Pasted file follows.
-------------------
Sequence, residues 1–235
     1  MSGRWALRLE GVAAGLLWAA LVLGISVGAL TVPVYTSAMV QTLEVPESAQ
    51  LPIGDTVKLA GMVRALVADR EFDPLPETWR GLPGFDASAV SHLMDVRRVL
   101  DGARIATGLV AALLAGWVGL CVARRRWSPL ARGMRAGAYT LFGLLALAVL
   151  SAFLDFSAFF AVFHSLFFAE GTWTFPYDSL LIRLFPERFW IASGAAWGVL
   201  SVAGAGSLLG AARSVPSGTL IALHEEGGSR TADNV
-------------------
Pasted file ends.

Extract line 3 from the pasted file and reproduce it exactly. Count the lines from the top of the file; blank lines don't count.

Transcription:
    51  LPIGDTVKLA GMVRALVADR EFDPLPETWR GLPGFDASAV SHLMDVRRVL